Safety Guidance

Effective Date: March 15, 2019

For Gig Diggers (Providers)


1. Moving

NEVER lift heavy furniture or any kind of stuff alone or without anyone's help. It can cause severe damages to your back. If you have any back pain or any injury with your back, do not try to lift anything heavy. We highly recommend you to wear belts/straps and know how to lift thing properly.
Don't lift from a standing position with your waist bent or your knees locked.

  1. Start in a safe position.
  2. Maintain the natural curve in your lower back.
  3. Use your legs.
  4. Squatting instead of kneeling.
  5. Let your legs do the work.
  6. Avoid twisting.
  • Wear proper clothing
    In any moving process you should wear proper clothing such as cargo pants and gloves etc. its not good idea to wear sandals or not having gloves or skinny jeans or any kinda clothes that’s tight, You need to move free so you need to wear something you can move free and chill.
    We also recommend you to wear hard shoes, accidents never tell before they happen so if you drop anything on your leg , those hard shoes will protect your leg good.
  • Check before start process
    It is always good idea to check before starts moving process. For example: When you try to move some big furniture from 2nd floor to 1st floor then you need to check the area or wall width and any kind of slippery surface and make sure those are not gonna put you in bad situation.
  • Fragile items
    Always check how good packaged and secured those fragile items before move or lift. Ask your Job Creator to help pack it more securely or do it together. Avoid hurting yourself from any glass injury or accident. (Always ask anybody to help lift it move it together if you feel you can do it yourself)
  • If you move electric or gas stoves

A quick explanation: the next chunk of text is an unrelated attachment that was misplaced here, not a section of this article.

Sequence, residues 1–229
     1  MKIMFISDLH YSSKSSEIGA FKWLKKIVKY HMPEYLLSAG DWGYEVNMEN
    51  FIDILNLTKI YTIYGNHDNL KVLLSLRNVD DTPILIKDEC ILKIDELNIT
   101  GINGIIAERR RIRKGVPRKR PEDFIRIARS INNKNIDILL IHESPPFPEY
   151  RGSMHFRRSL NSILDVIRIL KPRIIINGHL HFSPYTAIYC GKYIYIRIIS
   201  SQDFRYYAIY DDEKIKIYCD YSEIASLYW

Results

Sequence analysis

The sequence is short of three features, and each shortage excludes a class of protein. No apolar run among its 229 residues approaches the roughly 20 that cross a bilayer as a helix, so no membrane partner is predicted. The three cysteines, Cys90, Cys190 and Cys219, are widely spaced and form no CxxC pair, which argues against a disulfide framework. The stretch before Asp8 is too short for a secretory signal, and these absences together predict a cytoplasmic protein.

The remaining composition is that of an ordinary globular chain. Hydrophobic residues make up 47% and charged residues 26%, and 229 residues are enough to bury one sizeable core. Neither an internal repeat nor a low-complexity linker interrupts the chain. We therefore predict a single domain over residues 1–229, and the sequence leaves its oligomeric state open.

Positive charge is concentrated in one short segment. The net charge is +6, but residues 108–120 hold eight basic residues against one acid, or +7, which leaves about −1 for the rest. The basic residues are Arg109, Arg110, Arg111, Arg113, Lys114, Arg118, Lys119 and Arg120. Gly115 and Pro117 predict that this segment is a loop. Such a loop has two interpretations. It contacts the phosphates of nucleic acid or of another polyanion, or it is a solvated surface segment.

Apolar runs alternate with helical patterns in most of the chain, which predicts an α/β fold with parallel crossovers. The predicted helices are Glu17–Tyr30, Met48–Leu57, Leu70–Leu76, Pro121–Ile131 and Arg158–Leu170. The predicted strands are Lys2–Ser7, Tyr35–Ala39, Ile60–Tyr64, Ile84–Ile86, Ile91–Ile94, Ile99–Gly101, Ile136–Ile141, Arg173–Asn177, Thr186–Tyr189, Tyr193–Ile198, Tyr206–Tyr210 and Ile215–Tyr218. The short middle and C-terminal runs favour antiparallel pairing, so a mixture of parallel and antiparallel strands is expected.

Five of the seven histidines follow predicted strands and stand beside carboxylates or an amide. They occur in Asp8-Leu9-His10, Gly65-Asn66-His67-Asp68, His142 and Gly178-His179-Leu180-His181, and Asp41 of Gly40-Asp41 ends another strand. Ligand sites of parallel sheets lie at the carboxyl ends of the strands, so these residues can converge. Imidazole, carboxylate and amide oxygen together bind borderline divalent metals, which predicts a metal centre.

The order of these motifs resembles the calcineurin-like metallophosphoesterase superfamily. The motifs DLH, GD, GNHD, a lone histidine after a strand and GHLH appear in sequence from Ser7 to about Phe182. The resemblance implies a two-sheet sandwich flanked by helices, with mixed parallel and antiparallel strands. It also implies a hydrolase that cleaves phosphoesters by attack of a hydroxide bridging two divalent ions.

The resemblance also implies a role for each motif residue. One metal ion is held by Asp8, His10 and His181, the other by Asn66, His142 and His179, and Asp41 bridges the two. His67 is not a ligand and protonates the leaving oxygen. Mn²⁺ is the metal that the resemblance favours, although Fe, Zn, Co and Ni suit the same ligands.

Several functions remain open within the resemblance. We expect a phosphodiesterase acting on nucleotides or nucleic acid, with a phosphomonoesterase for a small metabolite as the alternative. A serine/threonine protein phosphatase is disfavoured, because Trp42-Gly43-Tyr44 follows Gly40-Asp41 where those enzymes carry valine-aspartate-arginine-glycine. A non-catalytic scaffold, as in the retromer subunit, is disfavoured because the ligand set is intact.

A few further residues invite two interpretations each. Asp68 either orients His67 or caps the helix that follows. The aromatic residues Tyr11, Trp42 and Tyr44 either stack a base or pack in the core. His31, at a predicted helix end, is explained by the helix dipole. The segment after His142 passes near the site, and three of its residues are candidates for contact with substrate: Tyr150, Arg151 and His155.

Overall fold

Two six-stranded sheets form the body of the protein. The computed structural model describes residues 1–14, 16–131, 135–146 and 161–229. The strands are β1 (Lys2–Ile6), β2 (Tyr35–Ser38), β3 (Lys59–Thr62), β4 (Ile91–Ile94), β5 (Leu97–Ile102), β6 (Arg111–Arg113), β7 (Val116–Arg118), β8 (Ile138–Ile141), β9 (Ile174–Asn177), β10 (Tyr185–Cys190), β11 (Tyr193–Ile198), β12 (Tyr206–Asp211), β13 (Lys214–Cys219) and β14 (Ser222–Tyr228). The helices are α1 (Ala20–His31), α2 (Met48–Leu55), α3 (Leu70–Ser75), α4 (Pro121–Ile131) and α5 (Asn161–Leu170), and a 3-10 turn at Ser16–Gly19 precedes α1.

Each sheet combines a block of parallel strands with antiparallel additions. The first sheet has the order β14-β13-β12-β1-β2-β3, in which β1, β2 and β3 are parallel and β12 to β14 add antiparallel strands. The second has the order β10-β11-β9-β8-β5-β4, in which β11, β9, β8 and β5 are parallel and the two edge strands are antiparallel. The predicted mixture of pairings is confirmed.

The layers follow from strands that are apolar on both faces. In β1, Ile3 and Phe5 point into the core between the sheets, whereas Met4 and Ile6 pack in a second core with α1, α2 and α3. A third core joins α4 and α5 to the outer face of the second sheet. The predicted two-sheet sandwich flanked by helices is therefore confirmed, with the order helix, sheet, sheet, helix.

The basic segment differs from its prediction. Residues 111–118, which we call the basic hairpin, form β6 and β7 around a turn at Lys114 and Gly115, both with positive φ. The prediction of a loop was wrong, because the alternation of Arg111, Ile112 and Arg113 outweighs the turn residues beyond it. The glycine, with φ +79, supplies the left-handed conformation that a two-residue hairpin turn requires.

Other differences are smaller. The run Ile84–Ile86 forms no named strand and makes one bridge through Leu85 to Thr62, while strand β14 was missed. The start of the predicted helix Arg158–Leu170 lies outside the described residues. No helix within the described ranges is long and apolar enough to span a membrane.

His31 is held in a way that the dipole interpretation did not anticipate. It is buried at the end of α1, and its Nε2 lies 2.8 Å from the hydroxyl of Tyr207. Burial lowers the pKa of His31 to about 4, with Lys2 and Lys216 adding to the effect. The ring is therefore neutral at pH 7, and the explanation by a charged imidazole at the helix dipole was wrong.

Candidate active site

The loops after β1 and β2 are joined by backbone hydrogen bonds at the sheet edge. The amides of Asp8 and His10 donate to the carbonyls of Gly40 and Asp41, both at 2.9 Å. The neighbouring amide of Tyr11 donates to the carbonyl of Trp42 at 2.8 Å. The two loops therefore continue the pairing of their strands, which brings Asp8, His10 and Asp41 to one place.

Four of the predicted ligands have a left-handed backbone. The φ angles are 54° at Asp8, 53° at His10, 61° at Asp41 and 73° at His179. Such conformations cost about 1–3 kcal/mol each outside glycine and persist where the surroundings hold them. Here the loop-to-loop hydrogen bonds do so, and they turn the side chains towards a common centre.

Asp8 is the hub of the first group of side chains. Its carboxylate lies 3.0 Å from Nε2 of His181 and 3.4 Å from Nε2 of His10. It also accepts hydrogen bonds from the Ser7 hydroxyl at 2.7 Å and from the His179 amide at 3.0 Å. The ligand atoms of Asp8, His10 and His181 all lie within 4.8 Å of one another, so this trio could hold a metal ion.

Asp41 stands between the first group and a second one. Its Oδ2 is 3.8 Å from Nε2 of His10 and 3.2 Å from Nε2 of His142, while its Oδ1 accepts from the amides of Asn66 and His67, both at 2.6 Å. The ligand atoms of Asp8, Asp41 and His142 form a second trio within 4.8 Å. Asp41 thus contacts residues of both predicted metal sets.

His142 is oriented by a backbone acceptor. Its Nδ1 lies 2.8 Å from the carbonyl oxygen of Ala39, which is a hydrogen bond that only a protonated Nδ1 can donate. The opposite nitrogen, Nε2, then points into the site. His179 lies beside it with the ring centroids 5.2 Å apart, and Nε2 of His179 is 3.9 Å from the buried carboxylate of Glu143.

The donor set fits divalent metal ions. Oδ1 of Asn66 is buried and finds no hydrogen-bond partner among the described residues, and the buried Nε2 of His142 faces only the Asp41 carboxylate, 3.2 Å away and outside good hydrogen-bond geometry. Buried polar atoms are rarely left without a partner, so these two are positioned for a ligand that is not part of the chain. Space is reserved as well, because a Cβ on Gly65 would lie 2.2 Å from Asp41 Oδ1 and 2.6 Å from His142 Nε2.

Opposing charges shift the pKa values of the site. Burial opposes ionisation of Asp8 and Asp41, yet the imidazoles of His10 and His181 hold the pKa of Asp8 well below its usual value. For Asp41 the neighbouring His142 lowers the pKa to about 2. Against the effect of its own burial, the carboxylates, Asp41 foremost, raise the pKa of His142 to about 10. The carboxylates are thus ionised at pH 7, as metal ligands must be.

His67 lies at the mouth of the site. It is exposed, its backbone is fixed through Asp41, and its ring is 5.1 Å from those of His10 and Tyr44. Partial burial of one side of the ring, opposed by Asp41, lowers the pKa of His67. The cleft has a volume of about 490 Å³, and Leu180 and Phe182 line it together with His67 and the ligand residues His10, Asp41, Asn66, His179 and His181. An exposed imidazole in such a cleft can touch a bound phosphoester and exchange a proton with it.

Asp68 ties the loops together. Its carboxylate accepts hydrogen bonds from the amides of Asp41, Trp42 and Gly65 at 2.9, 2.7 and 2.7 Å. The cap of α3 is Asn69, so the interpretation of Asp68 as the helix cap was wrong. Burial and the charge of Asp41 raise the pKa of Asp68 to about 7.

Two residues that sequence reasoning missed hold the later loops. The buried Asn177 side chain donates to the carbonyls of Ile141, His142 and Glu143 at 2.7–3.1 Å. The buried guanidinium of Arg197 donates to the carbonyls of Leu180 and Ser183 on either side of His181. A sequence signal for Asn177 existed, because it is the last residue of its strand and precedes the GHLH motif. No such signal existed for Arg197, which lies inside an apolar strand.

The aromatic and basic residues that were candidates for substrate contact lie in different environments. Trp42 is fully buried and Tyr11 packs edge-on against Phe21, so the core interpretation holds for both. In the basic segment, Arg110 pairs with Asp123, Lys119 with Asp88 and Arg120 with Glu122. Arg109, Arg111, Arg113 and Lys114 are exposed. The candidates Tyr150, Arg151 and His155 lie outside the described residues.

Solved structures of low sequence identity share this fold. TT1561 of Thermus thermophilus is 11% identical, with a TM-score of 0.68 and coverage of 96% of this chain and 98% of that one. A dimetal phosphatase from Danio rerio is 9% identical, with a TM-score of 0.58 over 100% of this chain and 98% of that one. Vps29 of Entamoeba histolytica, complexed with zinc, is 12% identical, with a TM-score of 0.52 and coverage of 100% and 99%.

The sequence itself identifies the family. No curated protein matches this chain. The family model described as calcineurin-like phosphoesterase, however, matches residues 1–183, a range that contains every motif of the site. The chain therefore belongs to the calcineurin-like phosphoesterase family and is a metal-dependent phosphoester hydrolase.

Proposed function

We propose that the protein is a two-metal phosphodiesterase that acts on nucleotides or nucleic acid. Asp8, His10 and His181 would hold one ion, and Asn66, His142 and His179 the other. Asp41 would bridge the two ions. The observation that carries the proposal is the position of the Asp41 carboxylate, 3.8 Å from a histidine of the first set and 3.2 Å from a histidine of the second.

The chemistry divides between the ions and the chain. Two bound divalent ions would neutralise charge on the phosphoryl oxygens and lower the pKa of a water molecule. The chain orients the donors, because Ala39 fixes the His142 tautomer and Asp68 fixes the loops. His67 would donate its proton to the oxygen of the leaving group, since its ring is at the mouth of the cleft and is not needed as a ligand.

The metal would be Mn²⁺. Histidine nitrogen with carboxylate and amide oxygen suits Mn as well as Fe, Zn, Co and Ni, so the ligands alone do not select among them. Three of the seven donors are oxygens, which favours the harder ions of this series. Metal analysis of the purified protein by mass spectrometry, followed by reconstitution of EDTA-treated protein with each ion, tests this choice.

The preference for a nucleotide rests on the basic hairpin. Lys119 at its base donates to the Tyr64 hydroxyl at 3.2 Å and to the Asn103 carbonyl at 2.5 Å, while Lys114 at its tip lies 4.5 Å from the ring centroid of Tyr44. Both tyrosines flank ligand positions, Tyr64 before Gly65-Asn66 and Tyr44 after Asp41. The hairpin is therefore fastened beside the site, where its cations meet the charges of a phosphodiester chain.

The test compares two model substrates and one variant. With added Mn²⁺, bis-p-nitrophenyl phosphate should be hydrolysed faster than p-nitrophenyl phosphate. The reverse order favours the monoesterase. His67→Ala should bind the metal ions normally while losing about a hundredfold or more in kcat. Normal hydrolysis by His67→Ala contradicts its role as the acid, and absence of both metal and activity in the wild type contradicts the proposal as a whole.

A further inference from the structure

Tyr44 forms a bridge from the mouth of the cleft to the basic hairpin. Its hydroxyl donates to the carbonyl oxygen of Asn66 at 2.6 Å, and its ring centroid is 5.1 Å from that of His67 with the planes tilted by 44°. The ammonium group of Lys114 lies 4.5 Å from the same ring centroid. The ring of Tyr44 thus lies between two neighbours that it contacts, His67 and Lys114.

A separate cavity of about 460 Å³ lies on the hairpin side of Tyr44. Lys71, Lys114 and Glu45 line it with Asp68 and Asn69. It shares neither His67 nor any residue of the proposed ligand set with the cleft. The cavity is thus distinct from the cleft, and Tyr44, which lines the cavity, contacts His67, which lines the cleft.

Make sure all the electronic wires unplugged from wall and not active with any electricity that harm your body or others. Its is very important you need to check before you try to move those big items like gas stove or electric stove or fridge etc. gas stoves needs to be properly unplugged by professional if stove is not unplugged or not ready to move refuse to move item and talk and resolve with the Job creator.

2. Cleaning

When you clean someone’s house or place please follow following safety tips:

  1. Wear rubber gloves to avoid contact with chemicals. You always should ask your Job creator to have an gloves.
  2. Do not mix chemicals for any reason.
  3. Make sure secure cleaning products away from the reach of children and pets.
  4. Reduce slips and falls by placing anti-slip strips on rugs.
  5. Ventilate rooms before you clean.
  6. Always read the instructions before use any chemical cleaning product.
  7. Change out dishcloths often to reduce bacteria and mildew.
  8. Avoid tripping by never leaving loose items, like toys, on steps.

3. Dog Walking

  1. Always walk on the left-hand side of the street, facing oncoming traffic. This is just basic pedestrian safety, but we could all use the reminder sometimes.
  2. Use sidewalks whenever they are available. Again, basic pedestrian safety. If you live an area with sidewalks, use them.
  3. Keep your dog on a leash at all times. You never know what you might come across on your walks. Keep your dog on a leash so you have control if he tries to dart into traffic, chase a squirrel, or make a new friend.
  4. Be sure your dog has identification. If your dog should happen to get away from you, you want to get him back! Be sure that he is wearing his collar with his rabies and identification tags. Consider getting your dog microchipped as a form of permanent identification in case he loses his collar.
  5. Keep your dog on your left side, away from traffic. It may be more difficult for drivers to see a knee-high dog than a person on the side of the road. Keep your dog on the outside of the road to decrease their risk of being hit.
  6. Use sidewalks whenever they are available. Again, basic pedestrian safety. If you live an area with sidewalks, use them. Please be considerate and pack a plastic bag or two to clean up after your dog if he takes a potty break on your walk.
  7. Bring a flashlight. It gets dark early in the winter months, so having a flashlight can come in handy if your walk goes a little longer than planned.
  8. Wear reflective clothing. The light at dawn and dusk makes it the most difficult to see. Wear reflective clothing, and consider a reflective collar and/or leash for your dog, to make it easier for drivers to see you.
  9. Work up to it. You wouldn’t think of jumping off the couch today and running a 5K tomorrow. If your dog hasn’t been exercising with you on a regular basis, he is going to need some time to get in shape. Start with short, slow walks and work up to longer distances and fster paces as the two of you get in better shape together.